Anatomy of THE Groove: “Endicott” by Kid Creole & The Coconuts

August Darnell got my attention instantly when I first heard Dr. Buzzard & The Original Savannah Band’s “I’ll Play The Fool For You” in the late 1990’s on CD compilation Pure Disco. The first thought I had was that it reminded me of what Duke Ellington’s orchestra would’ve sound like had Duke been alive for the disco era. The song had a heavy swing in with the dance beat to it. And it had that street level mix of wit and elegance so common in the swing era. It instantly got me seeking anything related to Dr. Buzzard or Darnell’s followup ground Kid Creole & The Coconuts.

Darnell himself is something of a man of mystery. He’s a native New Yorker all the way. The Bronx native even went as far as developing the fictitious back round of his Kid Creole character during the 70’s and 80’s,as he become more involved with different musical and theater related projects. Conceptualizing himself as a Caribbean Cab Calloway,his music had the funky eclecticism and conceptually obscurity of both Prince and P-Funk. Only with more if an island twist. One song on the groups 1985 album In Praise Of Older Women And Other Crimes really encompassed this beautifully. It was called “Endicott”.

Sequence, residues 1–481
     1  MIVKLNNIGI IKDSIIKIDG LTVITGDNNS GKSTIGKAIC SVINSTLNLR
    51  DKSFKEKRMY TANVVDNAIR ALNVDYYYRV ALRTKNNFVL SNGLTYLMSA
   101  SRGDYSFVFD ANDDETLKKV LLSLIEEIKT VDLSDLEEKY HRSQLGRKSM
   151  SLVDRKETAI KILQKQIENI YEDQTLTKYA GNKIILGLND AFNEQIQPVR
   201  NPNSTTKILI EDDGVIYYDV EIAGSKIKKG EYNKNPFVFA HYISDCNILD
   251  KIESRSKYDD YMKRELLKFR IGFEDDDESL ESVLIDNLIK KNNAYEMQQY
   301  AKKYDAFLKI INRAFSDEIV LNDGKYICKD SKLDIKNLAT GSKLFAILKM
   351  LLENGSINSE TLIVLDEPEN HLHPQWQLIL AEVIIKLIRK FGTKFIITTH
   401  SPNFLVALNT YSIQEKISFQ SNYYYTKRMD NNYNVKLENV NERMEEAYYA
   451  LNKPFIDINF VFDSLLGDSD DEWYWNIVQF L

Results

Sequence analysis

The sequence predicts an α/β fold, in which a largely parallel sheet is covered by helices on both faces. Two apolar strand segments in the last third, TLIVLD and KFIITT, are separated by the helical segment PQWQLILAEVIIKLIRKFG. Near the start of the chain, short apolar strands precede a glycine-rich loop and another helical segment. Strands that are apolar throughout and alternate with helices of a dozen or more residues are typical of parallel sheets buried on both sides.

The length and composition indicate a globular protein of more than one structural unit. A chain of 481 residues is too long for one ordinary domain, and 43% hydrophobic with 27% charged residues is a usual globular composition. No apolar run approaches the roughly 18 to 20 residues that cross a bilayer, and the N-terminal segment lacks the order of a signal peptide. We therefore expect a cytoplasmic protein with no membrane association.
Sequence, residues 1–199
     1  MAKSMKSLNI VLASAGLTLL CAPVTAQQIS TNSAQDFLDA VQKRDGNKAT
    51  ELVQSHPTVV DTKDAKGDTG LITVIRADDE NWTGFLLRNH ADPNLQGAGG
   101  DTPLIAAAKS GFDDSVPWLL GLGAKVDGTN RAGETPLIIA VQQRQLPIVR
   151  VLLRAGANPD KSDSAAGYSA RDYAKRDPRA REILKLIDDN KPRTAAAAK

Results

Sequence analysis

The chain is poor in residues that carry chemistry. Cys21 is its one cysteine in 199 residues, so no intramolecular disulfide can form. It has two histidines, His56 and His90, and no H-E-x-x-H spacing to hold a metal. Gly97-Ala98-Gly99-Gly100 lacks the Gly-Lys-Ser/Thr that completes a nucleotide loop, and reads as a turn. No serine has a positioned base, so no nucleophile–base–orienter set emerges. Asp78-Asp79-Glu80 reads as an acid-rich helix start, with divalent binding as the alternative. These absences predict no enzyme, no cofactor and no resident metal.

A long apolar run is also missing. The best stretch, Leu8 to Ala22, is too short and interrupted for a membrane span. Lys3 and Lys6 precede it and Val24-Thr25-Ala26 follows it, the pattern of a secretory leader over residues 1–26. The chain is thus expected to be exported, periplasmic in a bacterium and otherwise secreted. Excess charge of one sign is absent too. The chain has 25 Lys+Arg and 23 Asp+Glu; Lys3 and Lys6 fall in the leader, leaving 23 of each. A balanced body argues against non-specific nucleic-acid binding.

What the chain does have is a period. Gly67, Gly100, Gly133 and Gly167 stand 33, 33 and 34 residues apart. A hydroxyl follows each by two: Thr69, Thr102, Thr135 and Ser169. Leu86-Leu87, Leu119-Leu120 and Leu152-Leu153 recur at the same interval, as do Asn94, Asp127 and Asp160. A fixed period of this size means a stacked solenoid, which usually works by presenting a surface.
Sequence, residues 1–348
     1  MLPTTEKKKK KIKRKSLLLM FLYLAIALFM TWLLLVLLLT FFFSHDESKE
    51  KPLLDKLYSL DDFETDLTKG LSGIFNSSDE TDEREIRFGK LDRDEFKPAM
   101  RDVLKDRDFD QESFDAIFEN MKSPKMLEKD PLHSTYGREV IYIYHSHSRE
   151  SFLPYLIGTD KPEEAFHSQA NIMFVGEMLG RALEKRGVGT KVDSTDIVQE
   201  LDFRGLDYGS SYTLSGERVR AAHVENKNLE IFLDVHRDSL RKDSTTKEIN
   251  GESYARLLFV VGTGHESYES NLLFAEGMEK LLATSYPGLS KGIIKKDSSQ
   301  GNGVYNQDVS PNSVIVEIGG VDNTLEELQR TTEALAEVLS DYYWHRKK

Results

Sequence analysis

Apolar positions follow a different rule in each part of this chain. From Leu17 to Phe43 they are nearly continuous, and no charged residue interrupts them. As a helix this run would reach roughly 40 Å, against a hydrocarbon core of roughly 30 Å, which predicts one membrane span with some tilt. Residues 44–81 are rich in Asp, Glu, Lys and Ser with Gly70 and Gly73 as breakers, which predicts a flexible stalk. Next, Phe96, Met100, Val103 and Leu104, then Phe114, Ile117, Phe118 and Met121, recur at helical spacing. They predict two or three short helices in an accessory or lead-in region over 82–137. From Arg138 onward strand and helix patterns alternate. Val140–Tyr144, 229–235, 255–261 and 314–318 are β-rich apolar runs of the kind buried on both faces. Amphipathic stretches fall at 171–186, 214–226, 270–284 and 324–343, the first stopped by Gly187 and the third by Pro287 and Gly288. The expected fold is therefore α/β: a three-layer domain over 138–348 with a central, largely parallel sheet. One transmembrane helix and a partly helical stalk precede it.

A round percussion line kicks the song off. The groove itself is pretty much defined by a straight vamp throughout most of it. Its all the funky sweeteners that make it so exciting. The vamp itself is built on a stomping drum,a melodic vibraphone,chicken scratch rhythm guitar and a thick jazzy slap bass line playing very close to that guitar. These are accnted by Darnell’s soulful screams. Darnell’s lead vocals are accented by big band horn charts throughout the song. On brief bridges throughout the song,the female “coconuts” sing lead over the percussive drums. The original vamp of the song then fades it out.

Instrumentally speaking,this song has a Caribbean big band Prince vibe about it all the way. Especially on the rhythm guitar parts. Though the bass line is far thicker than most of Prince’s. Lyrically,this song is so hilarious to me. Endicott is a conceptual character Darnell sings about the whole song. He is willingly self sacrificing to his wife,and is considered an upstanding man. The Coconuts ask Darnell “why can’t you be like Endicott?” to which he sings “because I’m free,free of any made to order liabilities”. Its a wonderfully funky romp through the world of male/female domestic schisms.

 

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Filed under 1985, August Darnell, big band swing, Caribbean Funk, drums, Funk Bass, horns, jazz funk, Kid Creole & The Coconuts, New York, rhythm guitar, vibraphone